About databases guide
What is a database?
A database is simply a place where you store information, you might want to use later. Ideally, this information should be organized efficiently, so information is easy to access. Libraries, address cards photo albums, email account mail boxes, numbered lockers are all great examples of physical databases.
These are in many forms, and we feel the most important features of a database is that they are ACID;
The simplest way to think of this is that information never gets lost if these databases are configured correctly.
Most common form of databases
Relational Databases (OLTP)
Relational databases are the most common form of databases inside enterprises. They offer full ACID compatibility, and allow for more optimal storage of information. We have extensive experience in building and reporting from OLTP databases.
Vendors we work with:
- Microsoft SQL Server
NoSQL or document databases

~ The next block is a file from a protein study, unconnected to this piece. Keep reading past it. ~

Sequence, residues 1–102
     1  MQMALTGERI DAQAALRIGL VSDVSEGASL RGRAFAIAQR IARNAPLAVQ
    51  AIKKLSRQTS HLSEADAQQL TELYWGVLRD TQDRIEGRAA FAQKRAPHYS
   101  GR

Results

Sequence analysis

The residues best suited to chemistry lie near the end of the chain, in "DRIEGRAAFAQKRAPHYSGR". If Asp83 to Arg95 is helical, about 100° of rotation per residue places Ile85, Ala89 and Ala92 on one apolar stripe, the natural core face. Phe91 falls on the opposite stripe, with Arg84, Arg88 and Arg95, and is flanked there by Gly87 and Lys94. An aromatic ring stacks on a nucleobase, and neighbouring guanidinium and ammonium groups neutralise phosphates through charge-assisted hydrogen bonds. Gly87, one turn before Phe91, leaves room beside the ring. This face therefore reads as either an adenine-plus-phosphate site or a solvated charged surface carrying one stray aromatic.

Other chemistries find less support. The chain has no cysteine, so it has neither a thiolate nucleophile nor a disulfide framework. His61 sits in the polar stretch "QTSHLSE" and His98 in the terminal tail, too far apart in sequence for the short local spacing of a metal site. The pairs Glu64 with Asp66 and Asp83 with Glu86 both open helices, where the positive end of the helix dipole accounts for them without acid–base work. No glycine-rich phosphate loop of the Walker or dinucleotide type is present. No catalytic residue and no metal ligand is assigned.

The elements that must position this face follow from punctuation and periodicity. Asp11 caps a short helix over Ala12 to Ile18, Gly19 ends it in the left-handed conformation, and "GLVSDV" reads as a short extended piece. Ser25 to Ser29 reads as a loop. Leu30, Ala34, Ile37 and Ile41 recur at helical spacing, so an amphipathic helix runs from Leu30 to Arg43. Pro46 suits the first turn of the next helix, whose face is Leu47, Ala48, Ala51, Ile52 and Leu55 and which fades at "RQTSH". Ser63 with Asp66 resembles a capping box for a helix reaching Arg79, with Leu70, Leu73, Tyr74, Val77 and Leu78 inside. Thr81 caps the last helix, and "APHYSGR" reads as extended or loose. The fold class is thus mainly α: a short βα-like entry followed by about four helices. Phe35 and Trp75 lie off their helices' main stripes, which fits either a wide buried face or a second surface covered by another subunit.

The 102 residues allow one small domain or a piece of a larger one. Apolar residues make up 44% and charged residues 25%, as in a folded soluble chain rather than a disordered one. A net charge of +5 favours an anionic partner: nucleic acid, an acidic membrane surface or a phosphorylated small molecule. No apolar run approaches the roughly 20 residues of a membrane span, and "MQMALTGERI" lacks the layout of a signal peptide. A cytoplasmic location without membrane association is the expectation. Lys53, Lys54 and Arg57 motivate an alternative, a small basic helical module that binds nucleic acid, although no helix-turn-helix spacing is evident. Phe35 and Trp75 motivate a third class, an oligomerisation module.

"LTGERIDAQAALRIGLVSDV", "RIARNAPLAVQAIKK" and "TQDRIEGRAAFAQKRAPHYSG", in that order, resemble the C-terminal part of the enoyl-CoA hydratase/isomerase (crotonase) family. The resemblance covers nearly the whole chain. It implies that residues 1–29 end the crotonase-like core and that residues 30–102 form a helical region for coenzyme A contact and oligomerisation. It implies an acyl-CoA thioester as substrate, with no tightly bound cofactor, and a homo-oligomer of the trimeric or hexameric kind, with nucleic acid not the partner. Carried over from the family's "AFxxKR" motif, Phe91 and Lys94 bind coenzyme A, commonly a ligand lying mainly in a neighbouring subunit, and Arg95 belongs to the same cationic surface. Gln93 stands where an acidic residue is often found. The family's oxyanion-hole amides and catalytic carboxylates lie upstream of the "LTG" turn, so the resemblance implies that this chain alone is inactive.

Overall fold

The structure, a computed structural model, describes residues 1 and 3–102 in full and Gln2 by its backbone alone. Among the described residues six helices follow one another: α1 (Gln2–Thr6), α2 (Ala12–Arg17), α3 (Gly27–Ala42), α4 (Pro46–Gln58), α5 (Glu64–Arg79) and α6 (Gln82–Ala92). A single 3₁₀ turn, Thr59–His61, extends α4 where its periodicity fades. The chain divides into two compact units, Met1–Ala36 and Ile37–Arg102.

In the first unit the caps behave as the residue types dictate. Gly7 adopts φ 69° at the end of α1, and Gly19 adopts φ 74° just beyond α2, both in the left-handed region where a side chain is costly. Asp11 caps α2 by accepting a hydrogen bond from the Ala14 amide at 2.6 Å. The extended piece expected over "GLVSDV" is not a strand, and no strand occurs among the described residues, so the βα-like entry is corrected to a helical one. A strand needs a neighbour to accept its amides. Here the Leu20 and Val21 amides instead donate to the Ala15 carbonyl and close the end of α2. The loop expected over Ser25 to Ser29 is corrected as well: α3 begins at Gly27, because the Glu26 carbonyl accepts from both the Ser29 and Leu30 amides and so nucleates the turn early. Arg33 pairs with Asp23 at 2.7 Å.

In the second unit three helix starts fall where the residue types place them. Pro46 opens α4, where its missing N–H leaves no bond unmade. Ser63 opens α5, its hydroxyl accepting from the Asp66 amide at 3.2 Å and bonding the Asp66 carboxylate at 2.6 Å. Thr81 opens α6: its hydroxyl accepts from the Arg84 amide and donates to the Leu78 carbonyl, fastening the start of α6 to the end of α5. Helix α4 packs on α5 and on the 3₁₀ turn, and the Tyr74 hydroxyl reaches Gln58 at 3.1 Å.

It is rare to find full ACID compatibility. NoSQL databases store data as documents, typically, these types of databases are used by websites which are less concerned about collecting data, and more concerned with retrieving data to support more users. Examples of websites which uses NoSQL are; traveling websites, hotel websites, and larger websites. One downside to these solutions is the lack of ACID, which may mean both a relational and NoSQL database is used in parallel.
Vendors we can consider include;
Multidimensional databases - Cubes
These sit on top of a standard form of database called a data warehouse. These are known as OLAP databases and allow for powerful analysis and presentation of data.
We think OLAP is a fantastic technology we love to work with.
Decentralised databases - blockchain
Blockchain, is a distributed ledger of events. You may know that cryptocurrencies sit on top of blockchain. A way to think of it, is that once a payment is validated, there are multiple copies of that payment saved everywhere. We, at Info Rhino are looking into using Bitcoin or Litecoin payments for our property platform, findigl.
We have no experience of using graph databases. Graph databases can dramatically help in linking information together. It just so happens, SQL Server - Info Rhino's weapon of choice supports graph databases, so, at some point we will venture into this area too.